The best sign that something special is happening in Miami?
Even Dolphins offensive coordinator Clyde Christensen can’t explain their success.
Yes, the Dolphins’ defensive stats are historically bad.
But a team can overcome that if its offense is otherworldly.
Never miss a local story.
That hasn’t been the case here.
The Dolphins rank 31st in first downs (236), 29th in third-down conversions (35.2 percent), 22nd in yards (336.3) and 16th in scoring (23.3).
And yet they’re 10-5.
“It’s interesting to look at our numbers,” Christensen said Thursday. “You really don’t see an explanation.”
Christensen added: “I don’t know how we do it. We just keep throwing blows, seeing what’s happening. That’s kind of been our deal. It hasn’t been the conventional way. It hasn’t been the way any of us have been used to.”
Here’s an explanation as good as any: No team has had more offensive big plays than Miami this season.
The Dolphins’ 20 plays of 40 or more yards are tied with Atlanta for the most in football.
They have 15 40-plus pass plays, good for third. They have five 40-plus run plays, which is tied for first.
“This is as explosive an offense as we’ve seen all year,” Patriots coach Bill Belichick said this week.
And like everything else about this remarkable Dolphins season, they’ve done it by committee. Here’s the list of Dolphins with plays of at least 40 yards this season: Jarvis Landry, Jay Ajayi, Kenyan Drake, DeVante Parker, Kenny Stills, Damien Williams, MarQueis Gray and the retired Arian Foster.
“Every game takes on a little bit of a life of its own,” Dolphins coach Adam Gase said. “When explosive plays are available, you try to take them.”
Last Saturday’s overtime win over the Bills was a microcosm of the Dolphins’ season. There’s no way they would have won without these four plays:
Parker took a short pass and broke loose for a 56-yard touchdown. Drake reversed course on a run, found daylight and raced 45 yards. Williams turned a swing pass into a 44-yard completion. And Ajayi in overtime ran through the Bills for 57 yards, setting up Andrew Franks’ game-winning field goal.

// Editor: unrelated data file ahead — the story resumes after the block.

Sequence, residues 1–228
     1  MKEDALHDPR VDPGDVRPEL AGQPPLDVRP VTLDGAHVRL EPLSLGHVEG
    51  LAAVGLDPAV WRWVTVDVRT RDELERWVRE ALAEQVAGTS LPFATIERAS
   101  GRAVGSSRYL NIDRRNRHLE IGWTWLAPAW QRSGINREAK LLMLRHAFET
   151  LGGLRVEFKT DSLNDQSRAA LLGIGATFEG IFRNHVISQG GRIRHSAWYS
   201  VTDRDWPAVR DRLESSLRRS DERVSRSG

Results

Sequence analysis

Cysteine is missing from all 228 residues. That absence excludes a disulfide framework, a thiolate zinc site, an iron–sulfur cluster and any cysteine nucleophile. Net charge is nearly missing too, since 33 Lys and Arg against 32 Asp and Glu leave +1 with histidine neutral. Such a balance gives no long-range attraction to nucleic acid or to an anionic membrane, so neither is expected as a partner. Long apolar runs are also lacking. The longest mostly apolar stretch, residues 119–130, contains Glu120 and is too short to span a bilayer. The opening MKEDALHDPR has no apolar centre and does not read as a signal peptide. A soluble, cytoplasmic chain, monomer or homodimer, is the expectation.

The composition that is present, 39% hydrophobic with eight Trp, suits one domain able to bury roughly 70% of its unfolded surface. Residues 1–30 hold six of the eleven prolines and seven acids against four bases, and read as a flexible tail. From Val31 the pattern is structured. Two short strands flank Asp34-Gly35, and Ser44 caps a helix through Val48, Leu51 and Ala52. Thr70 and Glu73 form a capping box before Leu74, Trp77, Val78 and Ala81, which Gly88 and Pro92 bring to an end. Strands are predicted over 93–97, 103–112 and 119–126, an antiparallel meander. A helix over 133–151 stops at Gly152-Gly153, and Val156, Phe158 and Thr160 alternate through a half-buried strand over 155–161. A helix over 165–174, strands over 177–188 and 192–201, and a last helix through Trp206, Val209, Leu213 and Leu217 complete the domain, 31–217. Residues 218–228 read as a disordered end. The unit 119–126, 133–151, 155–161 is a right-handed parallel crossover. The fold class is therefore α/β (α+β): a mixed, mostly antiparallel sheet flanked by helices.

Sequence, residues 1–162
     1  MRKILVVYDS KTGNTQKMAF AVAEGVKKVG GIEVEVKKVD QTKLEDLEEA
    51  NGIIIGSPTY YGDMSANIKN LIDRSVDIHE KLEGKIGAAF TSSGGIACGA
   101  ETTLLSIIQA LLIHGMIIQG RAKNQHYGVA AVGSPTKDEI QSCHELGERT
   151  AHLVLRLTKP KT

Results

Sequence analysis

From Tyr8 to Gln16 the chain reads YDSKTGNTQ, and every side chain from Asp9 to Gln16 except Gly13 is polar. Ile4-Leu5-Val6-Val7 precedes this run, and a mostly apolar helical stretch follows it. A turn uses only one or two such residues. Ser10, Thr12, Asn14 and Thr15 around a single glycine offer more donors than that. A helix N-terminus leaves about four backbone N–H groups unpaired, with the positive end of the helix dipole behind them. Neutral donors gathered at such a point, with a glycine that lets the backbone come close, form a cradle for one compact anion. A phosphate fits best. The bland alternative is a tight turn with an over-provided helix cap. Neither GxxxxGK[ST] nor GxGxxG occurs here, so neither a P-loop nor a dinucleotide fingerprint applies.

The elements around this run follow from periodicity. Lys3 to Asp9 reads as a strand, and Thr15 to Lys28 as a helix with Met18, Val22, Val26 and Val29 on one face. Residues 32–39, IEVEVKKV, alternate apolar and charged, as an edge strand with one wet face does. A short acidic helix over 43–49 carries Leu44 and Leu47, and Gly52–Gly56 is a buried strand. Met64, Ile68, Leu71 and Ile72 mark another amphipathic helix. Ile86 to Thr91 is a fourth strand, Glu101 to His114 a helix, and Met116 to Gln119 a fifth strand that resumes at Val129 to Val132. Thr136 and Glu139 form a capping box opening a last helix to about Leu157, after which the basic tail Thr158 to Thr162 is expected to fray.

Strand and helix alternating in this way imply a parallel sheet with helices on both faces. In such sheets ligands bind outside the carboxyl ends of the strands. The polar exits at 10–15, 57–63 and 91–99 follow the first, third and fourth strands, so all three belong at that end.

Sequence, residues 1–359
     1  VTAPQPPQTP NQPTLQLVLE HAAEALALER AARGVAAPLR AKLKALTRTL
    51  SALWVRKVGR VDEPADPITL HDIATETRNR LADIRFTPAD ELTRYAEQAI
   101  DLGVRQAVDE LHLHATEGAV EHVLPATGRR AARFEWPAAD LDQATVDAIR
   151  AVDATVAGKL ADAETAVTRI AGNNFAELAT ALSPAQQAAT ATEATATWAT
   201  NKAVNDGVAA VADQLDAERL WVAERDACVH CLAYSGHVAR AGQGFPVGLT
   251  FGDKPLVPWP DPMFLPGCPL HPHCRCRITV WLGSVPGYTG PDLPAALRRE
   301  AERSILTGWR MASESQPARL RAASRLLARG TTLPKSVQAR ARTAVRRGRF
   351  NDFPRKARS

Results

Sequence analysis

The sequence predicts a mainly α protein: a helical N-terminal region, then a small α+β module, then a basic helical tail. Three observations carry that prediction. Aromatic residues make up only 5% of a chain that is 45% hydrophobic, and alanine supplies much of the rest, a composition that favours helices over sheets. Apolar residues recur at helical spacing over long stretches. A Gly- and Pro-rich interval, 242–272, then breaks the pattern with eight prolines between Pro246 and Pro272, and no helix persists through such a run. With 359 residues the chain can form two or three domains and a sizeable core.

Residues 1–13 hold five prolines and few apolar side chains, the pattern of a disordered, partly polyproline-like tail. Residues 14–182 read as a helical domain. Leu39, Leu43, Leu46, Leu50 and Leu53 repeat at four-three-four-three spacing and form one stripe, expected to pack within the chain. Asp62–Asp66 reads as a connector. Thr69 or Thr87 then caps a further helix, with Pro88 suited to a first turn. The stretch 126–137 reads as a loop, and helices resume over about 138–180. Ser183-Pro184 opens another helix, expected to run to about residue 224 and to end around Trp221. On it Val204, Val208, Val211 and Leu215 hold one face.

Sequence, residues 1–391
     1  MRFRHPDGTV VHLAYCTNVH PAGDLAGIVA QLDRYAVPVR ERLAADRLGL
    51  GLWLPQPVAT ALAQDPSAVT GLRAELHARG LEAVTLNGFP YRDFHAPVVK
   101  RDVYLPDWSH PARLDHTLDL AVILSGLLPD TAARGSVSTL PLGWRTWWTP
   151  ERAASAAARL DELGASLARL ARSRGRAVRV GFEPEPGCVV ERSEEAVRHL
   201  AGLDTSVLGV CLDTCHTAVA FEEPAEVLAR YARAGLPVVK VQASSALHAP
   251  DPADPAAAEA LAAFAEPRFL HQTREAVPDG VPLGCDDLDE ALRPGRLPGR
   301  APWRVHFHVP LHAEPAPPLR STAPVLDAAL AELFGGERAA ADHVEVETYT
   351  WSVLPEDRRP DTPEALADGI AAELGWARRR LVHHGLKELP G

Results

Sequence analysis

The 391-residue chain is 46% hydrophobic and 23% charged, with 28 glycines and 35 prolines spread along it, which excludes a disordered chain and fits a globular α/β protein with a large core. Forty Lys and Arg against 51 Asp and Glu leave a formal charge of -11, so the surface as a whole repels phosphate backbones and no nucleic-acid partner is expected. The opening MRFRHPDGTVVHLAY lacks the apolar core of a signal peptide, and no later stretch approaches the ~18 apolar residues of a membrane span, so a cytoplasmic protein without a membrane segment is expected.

The home runs have become so routine, 320-pound guard Jermon Bushrod no longer runs down the field to celebrate with his teammates.
“Early on the season, yeah, I did,” Bushrod said. “After a while, I’ll see Kenny on the sidelines. If he catches a 50-, 60-yard pass, ‘I’ll see you on the sidelines. I appreciate you, but I’ll see you on the sidelines.’ ”
No Dolphin has more catches of 20 or more yards than Landry, which disproves the idea that he’s simply a possession receiver. And Landry has done it several ways. He’s caught a short screen and “all of a sudden breaks six tackles and runs for another 20 yards,” as Christensen said. And he’s run away from defenders, like he did on his 66-yard touchdown reception against the Jets.
Now, there are limits. Matt Moore learned that Saturday in Buffalo, where he forced a deep pass in the end zone to Stills late in the first half. The Bills picked him off and nearly won the game because of it.
“We don’t want to do that ever again,” Christensen said with laugh, but as serious as he could be. “That was a bad interception. That took three [points] off the board. ... Matt knew it as soon as it left his hands.”
The Dolphins have largely avoided those types of turnovers while going 9-1 over their past 10 games. They were a garish minus-7 after the Titans game; they’ve been plus-11 ever since.
Is that a sustainable way to win — on big plays and turnovers?
“You can count on them in the sense that it keeps happening, week after week after week,” Christensen said. “I don’t have an explanation for them, but I do count on them because that’s the way we play.”
▪ Members of the South Florida media named safety Michael Thomas the Dolphins’ 2016 Good Guy, presented to the player “best exhibiting professionalism and courtesy in assisting the media.”
▪ The University of Michigan practiced at the Dolphins’ training facility Thursday ahead of Friday’s Orange Bowl.
▪ Gray, a tight end, announced he has signed a two-year extension.